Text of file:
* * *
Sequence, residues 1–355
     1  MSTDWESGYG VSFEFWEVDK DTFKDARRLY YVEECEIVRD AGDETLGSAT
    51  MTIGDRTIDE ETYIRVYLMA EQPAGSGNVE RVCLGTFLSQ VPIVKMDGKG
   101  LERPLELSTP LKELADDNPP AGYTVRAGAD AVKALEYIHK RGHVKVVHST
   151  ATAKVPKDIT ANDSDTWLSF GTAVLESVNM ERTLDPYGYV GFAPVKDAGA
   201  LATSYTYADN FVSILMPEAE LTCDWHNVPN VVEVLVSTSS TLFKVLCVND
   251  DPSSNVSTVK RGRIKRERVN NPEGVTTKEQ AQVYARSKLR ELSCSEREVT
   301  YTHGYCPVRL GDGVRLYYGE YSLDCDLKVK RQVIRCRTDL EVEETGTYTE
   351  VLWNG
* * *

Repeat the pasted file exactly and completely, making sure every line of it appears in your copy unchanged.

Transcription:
Sequence, residues 1–355
     1  MSTDWESGYG VSFEFWEVDK DTFKDARRLY YVEECEIVRD AGDETLGSAT
    51  MTIGDRTIDE ETYIRVYLMA EQPAGSGNVE RVCLGTFLSQ VPIVKMDGKG
   101  LERPLELSTP LKELADDNPP AGYTVRAGAD AVKALEYIHK RGHVKVVHST
   151  ATAKVPKDIT ANDSDTWLSF GTAVLESVNM ERTLDPYGYV GFAPVKDAGA
   201  LATSYTYADN FVSILMPEAE LTCDWHNVPN VVEVLVSTSS TLFKVLCVND
   251  DPSSNVSTVK RGRIKRERVN NPEGVTTKEQ AQVYARSKLR ELSCSEREVT
   301  YTHGYCPVRL GDGVRLYYGE YSLDCDLKVK RQVIRCRTDL EVEETGTYTE
   351  VLWNG